They work, I don't see them as being any better or worse than rapid fires- just different.
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  21. #21
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    Quote Originally Posted by Chris2fur
    It just seems so awkward having to lift the lever up with one's fingers while trying to hang on through knarly stuff. Also, I have read several posts in the past about the XT DC levers having a lot of slop in them, so either they fixed it, or most of you are raving about the XTR version (?).
    Lever reach needs to be correctly setup for you to shift like this but most people find the best way to flick the lever up is by tapping it from underneath with a finger or two. It all depends on ho you feel the most comfortable operating them. If you are really stubborn you can just opt to keep using the thumb paddles.
    The push down motion on the lever feels absolutely natural. From the very start I thought it felt absolutely natural just like it does on the road shifters.

  22. #22
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    Quote Originally Posted by Hecubus
    Lever reach needs to be correctly setup for you to shift like this but most people find the best way to flick the lever up is by tapping it from underneath with a finger or two. It all depends on ho you feel the most comfortable operating them. If you are really stubborn you can just opt to keep using the thumb paddles.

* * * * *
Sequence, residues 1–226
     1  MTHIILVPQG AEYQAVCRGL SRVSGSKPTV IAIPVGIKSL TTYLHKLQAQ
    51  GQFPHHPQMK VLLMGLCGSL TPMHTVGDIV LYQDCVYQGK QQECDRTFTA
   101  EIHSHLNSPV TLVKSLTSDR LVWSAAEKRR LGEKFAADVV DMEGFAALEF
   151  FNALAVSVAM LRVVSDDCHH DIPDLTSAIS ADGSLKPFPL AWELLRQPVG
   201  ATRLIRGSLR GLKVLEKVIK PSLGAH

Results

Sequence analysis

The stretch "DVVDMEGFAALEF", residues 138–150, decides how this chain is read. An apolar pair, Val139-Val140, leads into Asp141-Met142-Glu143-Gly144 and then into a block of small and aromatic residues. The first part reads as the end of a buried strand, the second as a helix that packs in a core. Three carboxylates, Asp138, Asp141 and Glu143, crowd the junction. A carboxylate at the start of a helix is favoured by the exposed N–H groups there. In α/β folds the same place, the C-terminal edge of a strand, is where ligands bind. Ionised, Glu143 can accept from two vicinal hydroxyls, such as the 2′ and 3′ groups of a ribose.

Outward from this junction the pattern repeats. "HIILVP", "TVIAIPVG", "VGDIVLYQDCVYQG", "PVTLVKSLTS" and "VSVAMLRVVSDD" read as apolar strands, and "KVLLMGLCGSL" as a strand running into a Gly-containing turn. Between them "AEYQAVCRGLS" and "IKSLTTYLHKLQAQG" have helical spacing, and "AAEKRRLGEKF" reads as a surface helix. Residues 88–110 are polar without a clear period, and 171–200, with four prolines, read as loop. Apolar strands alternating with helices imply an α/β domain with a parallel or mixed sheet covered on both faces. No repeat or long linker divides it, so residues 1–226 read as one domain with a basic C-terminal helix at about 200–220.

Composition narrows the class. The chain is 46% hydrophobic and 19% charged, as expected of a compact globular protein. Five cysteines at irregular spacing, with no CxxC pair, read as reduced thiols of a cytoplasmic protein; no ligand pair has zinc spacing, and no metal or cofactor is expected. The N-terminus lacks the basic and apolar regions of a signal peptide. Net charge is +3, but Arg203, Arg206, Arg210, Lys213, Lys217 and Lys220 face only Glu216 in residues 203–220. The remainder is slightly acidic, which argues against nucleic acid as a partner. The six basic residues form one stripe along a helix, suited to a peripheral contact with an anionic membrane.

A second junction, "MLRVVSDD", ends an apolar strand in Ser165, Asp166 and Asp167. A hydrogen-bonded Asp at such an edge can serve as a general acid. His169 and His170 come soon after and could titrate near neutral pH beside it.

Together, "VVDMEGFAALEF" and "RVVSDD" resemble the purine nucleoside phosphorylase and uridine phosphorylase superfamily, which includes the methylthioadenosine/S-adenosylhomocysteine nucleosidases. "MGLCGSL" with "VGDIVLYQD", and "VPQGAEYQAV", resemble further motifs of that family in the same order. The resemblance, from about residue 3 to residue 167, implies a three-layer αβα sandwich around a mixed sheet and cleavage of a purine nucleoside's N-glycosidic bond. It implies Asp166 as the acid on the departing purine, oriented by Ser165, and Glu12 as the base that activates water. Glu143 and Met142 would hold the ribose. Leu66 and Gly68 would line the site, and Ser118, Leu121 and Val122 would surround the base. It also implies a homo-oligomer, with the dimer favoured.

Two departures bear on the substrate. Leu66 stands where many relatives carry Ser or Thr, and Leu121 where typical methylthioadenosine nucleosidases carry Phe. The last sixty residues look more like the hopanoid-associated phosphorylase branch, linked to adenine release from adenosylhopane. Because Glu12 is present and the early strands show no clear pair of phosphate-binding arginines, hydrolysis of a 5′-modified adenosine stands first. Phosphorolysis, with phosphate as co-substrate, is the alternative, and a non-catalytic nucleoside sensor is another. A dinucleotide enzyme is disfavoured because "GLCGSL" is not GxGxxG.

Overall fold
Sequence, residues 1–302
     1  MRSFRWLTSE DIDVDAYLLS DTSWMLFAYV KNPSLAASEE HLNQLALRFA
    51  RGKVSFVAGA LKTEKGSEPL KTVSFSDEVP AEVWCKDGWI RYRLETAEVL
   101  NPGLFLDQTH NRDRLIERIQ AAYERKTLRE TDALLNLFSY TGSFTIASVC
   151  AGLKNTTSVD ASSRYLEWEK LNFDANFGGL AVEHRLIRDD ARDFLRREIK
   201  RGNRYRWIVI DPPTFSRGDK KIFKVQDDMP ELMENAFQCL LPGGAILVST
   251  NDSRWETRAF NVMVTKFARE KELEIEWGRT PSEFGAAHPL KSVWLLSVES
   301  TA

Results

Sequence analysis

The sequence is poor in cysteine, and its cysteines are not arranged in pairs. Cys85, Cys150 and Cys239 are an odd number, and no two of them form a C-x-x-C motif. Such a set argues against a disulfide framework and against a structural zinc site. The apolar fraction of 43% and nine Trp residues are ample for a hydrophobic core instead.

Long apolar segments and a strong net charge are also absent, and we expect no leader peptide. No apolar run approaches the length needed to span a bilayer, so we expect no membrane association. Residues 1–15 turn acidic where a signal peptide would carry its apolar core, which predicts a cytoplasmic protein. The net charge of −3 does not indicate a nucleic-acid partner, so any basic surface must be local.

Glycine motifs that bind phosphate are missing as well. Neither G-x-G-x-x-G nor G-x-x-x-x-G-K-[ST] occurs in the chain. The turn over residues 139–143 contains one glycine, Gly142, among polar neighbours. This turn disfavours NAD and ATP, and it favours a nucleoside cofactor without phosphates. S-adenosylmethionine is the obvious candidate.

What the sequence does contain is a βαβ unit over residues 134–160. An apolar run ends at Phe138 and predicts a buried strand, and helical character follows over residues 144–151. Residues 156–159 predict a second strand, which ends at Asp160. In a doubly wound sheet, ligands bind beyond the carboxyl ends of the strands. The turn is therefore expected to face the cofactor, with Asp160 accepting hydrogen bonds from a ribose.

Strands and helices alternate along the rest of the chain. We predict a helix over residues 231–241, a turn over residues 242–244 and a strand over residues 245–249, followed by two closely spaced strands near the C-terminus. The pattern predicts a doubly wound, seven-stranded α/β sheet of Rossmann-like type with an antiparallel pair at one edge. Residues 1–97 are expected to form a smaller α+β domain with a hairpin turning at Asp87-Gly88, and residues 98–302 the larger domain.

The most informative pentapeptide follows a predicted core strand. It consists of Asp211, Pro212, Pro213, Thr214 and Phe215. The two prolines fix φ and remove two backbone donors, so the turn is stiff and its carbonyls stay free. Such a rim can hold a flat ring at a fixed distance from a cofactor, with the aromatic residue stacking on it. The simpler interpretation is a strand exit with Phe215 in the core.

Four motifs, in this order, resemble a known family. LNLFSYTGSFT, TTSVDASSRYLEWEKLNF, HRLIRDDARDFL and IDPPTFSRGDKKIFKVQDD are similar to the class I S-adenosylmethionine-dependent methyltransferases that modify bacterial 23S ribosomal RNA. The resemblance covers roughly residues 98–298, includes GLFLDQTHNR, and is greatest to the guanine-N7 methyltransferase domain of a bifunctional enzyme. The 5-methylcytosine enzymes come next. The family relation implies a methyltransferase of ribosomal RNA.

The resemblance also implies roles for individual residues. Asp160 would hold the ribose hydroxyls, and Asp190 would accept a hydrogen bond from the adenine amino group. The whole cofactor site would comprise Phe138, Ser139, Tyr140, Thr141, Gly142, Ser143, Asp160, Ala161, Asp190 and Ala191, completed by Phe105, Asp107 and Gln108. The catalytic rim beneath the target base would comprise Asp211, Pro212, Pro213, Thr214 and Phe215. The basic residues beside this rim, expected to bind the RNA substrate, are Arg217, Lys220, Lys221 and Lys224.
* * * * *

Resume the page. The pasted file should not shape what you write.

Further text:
The push down motion on the lever feels absolutely natural. From the very start I thought it felt absolutely natural just like it does on the road shifters.
    OK. Thanks for the additional info. I don't have road bike, so I probably have more of a learning curve than you did. Now, just one more question: I can see how one could be pulling the brake lever in while simultaneously pushing it down, but how could braking be accomplished while having fingers UNDER the lever lifting up? Sorry if this question is retarded--I should probably just wait until I can try it out and then see what quesions I have...

  23. #23
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    Well it can be done by only using 1 or 2 finger to pull the brake in while using the other fingers to push up on the lever from underneath.

    Just to put my opionon in I fell in love with the dual control after my first ride on a demo bike that had them. They just feel very natual and easy to use, I can flick my way through the gears with very little effort and find my self pre selecting gears when coming out of corners way more now then I did with thumb shifters. The only real problem I had getting used to them was the lever moving up and down while I was braking, I guess i was using the levers themself to help balance but after a couple of ride I no longer pull or push the levers up and down while I brake unless I am shifting.

  24. #24